Poisons in the garden - poisonous plants and garden dangers

Many of us turn towards the backyard and garden without realising it, we can unintentionally increase the risk of poisoning our companions.

The most commonly used lawn care products are of fertilizers, herbicides, insecticides and fungicides. When applied according to package instructions, fertilisers, herbicides, insecticides and fungicides are generally not harmful. Pets are primarily poisoned by contact with concentrated products. This may occur from inappropriate storage, failure to read package instructions, or by intentionally using more product than needed. Dogs are especially good at finding poorly stored containers, chewing them up and drinking the contents. Pet owners should be especially vigilant when using insecticides as these tend to have a higher degree of toxicity. Dogs may be exposed by digging up treated earth, chewing on pellets, or rooting around ant mounds shortly after insecticides are applied.

Snail pellets also require a special mention as we see several cases of snail pellet toxicity every year. Treatment is not pleasant, please be very careful when selecting and using snail pellets in your garden. If you suspect your cat or dog has eaten snail pellets they require immediate veterinary attention.

Many pets also have a habit of chewing on plants in the yard, particularly if you have been out in the garden pruning bushes and trees and have left branches and leaves laying around. This is a list of common plants that are dangerous to pets. For a detailed guide on toxic plants select this link.

Poisonious House Plants


Common Name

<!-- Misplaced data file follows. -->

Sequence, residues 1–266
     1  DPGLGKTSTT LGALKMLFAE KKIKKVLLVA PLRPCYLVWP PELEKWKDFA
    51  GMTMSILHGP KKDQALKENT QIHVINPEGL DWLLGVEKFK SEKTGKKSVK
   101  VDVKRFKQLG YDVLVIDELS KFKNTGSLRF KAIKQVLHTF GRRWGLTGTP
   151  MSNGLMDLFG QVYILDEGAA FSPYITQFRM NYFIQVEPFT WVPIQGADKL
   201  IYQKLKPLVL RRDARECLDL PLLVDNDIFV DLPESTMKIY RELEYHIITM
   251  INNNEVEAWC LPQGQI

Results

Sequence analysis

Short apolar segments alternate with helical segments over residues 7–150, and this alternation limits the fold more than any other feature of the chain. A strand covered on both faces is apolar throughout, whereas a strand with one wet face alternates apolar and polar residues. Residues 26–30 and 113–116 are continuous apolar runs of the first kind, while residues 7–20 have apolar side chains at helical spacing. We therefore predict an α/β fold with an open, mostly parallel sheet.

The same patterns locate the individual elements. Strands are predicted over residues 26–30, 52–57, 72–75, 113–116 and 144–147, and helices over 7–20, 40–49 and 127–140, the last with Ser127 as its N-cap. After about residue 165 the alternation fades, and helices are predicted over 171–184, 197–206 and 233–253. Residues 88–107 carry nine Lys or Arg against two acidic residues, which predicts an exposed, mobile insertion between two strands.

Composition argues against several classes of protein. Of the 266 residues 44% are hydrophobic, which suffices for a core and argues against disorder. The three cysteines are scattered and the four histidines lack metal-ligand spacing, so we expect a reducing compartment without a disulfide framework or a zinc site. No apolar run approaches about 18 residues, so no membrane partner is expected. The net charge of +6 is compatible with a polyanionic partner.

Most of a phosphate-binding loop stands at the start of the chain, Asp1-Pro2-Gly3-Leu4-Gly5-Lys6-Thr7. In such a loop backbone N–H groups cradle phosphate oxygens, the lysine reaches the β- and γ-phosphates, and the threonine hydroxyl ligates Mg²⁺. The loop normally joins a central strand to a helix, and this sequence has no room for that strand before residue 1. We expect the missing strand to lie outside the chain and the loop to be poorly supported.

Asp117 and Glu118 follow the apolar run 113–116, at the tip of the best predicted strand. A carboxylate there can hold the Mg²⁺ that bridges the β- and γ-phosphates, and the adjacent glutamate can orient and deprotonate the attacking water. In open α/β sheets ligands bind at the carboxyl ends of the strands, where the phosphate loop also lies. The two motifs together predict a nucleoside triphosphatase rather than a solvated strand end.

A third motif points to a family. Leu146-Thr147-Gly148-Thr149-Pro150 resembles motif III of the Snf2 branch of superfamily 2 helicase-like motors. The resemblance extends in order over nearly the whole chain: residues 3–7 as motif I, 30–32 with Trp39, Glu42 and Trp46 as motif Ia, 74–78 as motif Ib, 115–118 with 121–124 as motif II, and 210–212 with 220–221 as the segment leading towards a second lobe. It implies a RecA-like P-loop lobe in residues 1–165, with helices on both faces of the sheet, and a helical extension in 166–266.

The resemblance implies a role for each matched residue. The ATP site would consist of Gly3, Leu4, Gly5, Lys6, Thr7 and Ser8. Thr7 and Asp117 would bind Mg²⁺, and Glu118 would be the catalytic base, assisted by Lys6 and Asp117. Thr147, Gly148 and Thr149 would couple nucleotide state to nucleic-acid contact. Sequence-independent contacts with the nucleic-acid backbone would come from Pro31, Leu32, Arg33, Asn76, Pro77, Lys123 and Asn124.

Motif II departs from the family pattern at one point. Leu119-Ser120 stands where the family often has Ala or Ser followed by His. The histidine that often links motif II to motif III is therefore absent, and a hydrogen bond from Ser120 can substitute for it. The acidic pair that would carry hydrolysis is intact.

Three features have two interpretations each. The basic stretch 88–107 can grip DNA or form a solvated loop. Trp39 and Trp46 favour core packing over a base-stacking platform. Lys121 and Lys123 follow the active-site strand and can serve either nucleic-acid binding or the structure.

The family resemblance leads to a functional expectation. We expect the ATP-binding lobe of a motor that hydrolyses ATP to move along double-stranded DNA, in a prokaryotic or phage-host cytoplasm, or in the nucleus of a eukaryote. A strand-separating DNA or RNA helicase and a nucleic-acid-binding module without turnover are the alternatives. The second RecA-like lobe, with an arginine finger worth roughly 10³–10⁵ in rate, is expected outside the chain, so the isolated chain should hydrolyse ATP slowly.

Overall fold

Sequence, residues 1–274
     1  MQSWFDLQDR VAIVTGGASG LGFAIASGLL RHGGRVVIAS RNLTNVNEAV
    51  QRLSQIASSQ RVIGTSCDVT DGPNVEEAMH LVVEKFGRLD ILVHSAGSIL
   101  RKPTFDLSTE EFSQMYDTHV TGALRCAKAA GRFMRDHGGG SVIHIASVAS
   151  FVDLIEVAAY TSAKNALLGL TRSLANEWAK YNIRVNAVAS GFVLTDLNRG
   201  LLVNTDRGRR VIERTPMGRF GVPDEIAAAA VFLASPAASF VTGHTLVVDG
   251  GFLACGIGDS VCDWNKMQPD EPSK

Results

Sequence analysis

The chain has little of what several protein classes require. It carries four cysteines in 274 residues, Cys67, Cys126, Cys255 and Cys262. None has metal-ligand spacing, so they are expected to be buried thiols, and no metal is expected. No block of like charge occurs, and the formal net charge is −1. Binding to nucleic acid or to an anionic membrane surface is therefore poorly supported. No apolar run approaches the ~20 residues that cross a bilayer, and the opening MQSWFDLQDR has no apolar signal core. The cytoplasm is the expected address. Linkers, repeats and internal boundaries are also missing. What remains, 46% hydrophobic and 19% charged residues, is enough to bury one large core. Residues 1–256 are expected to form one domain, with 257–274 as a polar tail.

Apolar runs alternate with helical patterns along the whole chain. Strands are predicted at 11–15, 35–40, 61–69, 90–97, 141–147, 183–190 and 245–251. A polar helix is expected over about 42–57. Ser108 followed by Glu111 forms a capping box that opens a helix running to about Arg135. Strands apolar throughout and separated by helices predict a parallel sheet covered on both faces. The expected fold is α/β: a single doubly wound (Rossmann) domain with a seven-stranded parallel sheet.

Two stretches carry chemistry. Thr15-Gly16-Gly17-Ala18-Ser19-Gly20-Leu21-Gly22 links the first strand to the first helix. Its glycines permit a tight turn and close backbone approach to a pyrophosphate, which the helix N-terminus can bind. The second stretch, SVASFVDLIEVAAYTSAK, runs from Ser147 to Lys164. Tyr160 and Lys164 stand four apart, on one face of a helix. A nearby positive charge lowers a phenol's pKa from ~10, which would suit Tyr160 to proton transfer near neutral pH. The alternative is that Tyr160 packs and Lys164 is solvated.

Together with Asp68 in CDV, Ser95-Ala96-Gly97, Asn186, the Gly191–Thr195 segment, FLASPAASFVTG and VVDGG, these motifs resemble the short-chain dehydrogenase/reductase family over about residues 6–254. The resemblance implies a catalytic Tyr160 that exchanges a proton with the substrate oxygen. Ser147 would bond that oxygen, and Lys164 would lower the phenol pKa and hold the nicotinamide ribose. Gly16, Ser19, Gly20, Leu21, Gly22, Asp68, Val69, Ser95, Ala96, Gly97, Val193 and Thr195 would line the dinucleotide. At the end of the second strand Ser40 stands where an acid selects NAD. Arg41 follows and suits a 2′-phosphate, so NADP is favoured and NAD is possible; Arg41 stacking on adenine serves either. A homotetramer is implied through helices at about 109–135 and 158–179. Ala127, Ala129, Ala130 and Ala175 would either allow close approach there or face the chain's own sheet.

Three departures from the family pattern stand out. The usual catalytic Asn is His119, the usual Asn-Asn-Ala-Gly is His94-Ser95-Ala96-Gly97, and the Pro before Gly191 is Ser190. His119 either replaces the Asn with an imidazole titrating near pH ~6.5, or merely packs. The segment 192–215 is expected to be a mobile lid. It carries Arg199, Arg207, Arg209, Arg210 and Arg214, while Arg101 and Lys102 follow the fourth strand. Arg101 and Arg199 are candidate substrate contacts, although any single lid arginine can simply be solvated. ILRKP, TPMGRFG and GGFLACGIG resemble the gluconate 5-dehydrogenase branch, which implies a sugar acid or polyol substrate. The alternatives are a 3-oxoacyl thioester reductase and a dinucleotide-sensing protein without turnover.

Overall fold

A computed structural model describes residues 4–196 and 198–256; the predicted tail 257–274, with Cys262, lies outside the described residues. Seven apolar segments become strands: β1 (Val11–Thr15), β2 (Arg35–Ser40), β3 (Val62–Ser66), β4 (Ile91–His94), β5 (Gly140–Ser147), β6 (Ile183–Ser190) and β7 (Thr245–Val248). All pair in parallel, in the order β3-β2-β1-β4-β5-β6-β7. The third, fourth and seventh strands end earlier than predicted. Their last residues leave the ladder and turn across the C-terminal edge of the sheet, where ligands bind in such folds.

Botanical Name

Poisonous Part
Bird of Paradise Strelizia regirae Fruit, seeds
Boston Ivy Parthenocissus quinquefolia All parts
Caladium Caladium All parts
Creeping Charlie Glecoma hederacea All parts
Dumbcane Dieffenbachia All parts
Emerald Duke Philodendron hastatum All parts
Glacier Ivy Hedera glacier Leaves, berries
Heartleaf Philadendron cordatum All parts
English Ivy Hedera helix Leaves, berries
Lily/Liliaceae Family Lilium All parts
Marble Queen Scindapsus aureus All parts
Majesty Philodendron hastatum All parts
Nephthytis, Arrowhead Vine Synogonium podophyllum albolineatum All parts
Parlor Ivy Philodendron cordatum All parts
Pothos Scindapsus aureus All parts
Red Princess Philodendron hastatum All parts
Saddleleaf Philodendron selloum All parts
Split leaf Philodendron Monstera deliciosa All parts
Umbrella Plant Cyperus alternifolius All parts

Poisonous Outdoor Plants

Common Name Botanical Name Poisonous Part
Apricot Prunus ameniaca Stem, bark, seed pits
Azalea Rhododendron occidentale All parts
Baneberry Actaea Spicata Berries, roots, foliage
Buchberry Lantana All parts
Castor Bean Ricinus communis Seeds, if chewed
Choke Cherry Prunus virginica Leaves, seed pits, stems, bark
Daffodil Narcissus Bulbs
Daphne Daphne mezereum Berries, bark, leaves
Foxglove Digitalis purpura Leaves, seeds, flowers
Hemlock Conium maculatum All parts, root and root stalk
Hens-and-Chicks Lantana All parts
Hyacinth Hyacinthus orientalis Bulbs, leaves, flowers
Hydrangea Hydrangea macrophylla Leaves, buds
Jerusalem Cherry Solanim pseudocapscium All parts, unripe fruit
Jimson Weed Datura stramonium All parts
Jonquil Narcissus Bulbs
Lily-of-the-Valley Convallaria majalis All parts
Mandrake Podophyllum peltatum Roots, foliage, unripe fruit
Mistletoe Phoradendron Flavescens Berries
Morning Glory Ipomoea violaces Seeds
Nightshade Atropa belladonna All parts
Oleander Norium Oleander All parts, including dried leaves
Poinsettia Euphorbia pulcherrima Leaves, flowers
Pokeweed, Inkberry Phytolacca americana All parts
Red Sage Lantana camara Green berries
Rhododendron Rhododendron All parts
Rhubarb Rheum raponticum Leaves
Sweet Pea Lathyrus odoratus Seeds, pods
Tulip Tulipa Bulbs
Wisteria Wisteria Seeds, pods
Yew Taxus Needles, bark, seeds

When you are working in your garden, be sure to take an extra moment or two to protect your pets.

  • Always read the packet instructions before applying products to your lawn or garden. 
  • Check with your local garden centre about the safety of plants you are putting in your garden. 
  • Finally, remember to close the top tightly on all containers and put them in an area where your pets do not have access to them.
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Pet library topic(s): 
Pet safety - common problems and dangers

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